Some hospitals have tried universal screening, but there’s still a delay in getting the results; also, the process is expensive and covers only one type of infection. That’s why Dr. Maki has used preemptive barrier isolation for all high-risk patients to quell disease outbreaks in his hospital. “It’s something that really deserves to be studied better and used more widely,” he said.
There are also some new technologies and tools available to help in the fight against infections. Dr. Maki was excited about a new washcloth that is impregnated with chlorhexidine. In a recent study, giving patients a sponge bath with the washcloth and letting the residue dry on the skin resulted in a 60% reduction in central line infections compared to a traditional soap bath.
“If this is validated and looks to be as effective as they found, it will be a major advance in helping to prevent the spread of MRSA and other organisms,” Dr. Maki said.
Chlorhexidine is also an asset in protecting patients from intravascular device-related infections. About 15 years ago, Dr. Maki found that prepping skin with the antiseptic reduced central line infections. There’s also evidence support for the effectiveness of a chlorhexidine-impregnated patch for venous and arterial catheters and chlorhexidine oral care for ventilated patients.
Not that chlorhexidine is the end-all, be-all of antiseptics. “I’m convinced there are better disinfectants out there than chlorhexidine. We need better cutaneous antiseptics that last longer,” said Dr. Maki.
The search for the best antiseptic is also under way for patients with long-term intravascular devices, such as premature infants and dialysis patients. Dr. Maki supports the use of flush/lock solutions. He has had success with vancomycin-heparin in the pediatric ICU, methylene blue/citrate for hemodialysis patients, and ethanol for a woman with short-bowel syndrome. “As far as I’m concerned, there’s enough published data that it’s ready for prime time,” Dr. Maki said.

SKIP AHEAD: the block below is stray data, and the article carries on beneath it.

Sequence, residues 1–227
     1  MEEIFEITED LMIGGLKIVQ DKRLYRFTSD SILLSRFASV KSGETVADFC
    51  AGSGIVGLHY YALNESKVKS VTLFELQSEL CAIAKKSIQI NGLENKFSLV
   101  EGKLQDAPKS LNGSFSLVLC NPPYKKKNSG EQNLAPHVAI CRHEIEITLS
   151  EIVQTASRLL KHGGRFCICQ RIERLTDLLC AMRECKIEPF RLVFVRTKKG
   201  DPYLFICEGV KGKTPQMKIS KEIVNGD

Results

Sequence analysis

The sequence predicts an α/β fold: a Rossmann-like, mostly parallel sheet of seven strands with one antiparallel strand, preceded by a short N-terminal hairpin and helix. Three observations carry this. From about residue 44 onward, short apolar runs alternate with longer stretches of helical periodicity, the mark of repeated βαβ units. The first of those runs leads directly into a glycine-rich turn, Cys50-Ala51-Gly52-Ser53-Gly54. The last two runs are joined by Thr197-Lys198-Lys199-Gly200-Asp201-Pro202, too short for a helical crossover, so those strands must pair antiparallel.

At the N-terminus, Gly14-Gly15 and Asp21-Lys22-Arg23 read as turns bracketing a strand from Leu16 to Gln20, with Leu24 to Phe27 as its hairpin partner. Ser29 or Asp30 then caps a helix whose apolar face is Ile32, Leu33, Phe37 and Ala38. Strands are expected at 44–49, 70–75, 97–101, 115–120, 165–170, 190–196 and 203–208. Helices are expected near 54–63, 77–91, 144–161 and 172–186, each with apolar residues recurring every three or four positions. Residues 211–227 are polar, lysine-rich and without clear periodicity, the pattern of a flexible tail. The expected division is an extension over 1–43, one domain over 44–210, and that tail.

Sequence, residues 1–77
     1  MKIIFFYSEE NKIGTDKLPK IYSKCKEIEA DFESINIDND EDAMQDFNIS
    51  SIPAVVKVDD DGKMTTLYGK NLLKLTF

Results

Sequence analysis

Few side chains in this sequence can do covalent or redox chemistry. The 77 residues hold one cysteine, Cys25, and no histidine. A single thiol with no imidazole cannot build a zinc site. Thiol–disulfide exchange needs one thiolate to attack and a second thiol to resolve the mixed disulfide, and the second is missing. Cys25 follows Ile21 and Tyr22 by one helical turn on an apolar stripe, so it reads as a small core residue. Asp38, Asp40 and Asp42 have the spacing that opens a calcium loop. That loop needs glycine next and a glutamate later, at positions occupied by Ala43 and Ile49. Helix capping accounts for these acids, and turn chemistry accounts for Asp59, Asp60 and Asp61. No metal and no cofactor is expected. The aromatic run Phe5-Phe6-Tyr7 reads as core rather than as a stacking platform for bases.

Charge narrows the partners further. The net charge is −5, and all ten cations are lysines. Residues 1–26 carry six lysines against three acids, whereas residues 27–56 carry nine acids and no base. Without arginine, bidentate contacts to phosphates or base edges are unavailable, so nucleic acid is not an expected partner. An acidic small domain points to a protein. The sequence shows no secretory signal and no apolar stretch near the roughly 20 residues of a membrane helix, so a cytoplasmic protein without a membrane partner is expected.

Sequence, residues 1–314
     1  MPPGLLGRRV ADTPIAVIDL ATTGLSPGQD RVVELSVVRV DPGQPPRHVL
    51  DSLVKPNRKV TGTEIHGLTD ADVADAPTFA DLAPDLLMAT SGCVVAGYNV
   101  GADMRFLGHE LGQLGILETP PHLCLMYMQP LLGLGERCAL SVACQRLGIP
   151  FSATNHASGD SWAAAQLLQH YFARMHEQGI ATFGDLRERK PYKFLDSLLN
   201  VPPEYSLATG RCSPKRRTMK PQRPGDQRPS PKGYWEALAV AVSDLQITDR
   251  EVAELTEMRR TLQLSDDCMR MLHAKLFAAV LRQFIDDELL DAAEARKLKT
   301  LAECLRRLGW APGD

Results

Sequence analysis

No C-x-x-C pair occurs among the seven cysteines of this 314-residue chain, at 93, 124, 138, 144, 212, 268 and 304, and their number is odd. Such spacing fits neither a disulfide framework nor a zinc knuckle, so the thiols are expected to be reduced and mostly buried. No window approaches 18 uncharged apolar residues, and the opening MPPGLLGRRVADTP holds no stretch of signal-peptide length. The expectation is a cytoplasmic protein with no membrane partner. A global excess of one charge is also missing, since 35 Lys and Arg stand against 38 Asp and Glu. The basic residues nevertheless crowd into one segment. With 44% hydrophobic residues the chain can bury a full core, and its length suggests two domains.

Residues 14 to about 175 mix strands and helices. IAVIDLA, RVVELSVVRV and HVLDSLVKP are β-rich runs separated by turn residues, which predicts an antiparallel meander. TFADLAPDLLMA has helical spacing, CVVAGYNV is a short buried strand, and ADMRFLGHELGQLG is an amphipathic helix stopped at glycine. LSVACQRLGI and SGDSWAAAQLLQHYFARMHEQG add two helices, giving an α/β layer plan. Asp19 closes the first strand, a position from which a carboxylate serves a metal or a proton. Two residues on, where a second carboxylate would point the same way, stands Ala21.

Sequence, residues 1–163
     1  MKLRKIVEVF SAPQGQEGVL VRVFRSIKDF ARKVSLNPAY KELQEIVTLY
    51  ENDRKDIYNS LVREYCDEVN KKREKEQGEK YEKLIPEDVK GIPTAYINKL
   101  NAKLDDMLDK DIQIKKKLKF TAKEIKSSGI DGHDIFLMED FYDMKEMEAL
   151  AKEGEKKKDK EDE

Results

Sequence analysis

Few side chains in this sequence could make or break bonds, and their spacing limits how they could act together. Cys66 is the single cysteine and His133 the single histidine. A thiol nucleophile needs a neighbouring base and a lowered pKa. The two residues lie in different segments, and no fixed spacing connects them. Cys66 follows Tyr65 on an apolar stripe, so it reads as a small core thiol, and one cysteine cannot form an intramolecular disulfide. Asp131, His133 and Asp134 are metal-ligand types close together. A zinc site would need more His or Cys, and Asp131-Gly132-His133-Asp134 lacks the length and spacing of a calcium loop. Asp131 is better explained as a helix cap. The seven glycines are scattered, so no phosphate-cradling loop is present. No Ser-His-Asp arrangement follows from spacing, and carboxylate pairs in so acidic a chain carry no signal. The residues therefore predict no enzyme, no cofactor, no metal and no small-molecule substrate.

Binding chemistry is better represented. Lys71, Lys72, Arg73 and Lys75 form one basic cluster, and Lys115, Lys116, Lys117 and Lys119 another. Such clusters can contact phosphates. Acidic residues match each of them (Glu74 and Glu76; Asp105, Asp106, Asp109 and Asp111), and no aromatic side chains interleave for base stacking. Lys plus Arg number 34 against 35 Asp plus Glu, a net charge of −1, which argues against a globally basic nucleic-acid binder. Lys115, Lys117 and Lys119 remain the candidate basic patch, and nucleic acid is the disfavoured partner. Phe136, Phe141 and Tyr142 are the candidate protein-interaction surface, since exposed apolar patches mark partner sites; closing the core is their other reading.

Cleaning a facility’s air and water can also reduce hospital-acquired infections, Dr. Maki noted. Ever since his hospital had a couple of outbreaks of legionellosis, they’ve had copper-silver ionization of the water. The technology costs about $35,000 to start up, plus $3,000 to 4,000 per year in maintenance, and has eliminated the disease from the hospital.
Much of the air at the University of Wisconsin is also filtered, in an effort to prevent ventilator-associated pneumonia. “In my hospital, where we do huge numbers of transplants, we have over 200 HEPA-filtered beds,” Dr. Maki said.
He offered some additional simple advice for pneumonia prevention. First, don’t intubate if you don’t absolutely have to. “If you don’t intubate people, you have much, much less pneumonia and there’s actually a survival advantage,” said Dr. Maki.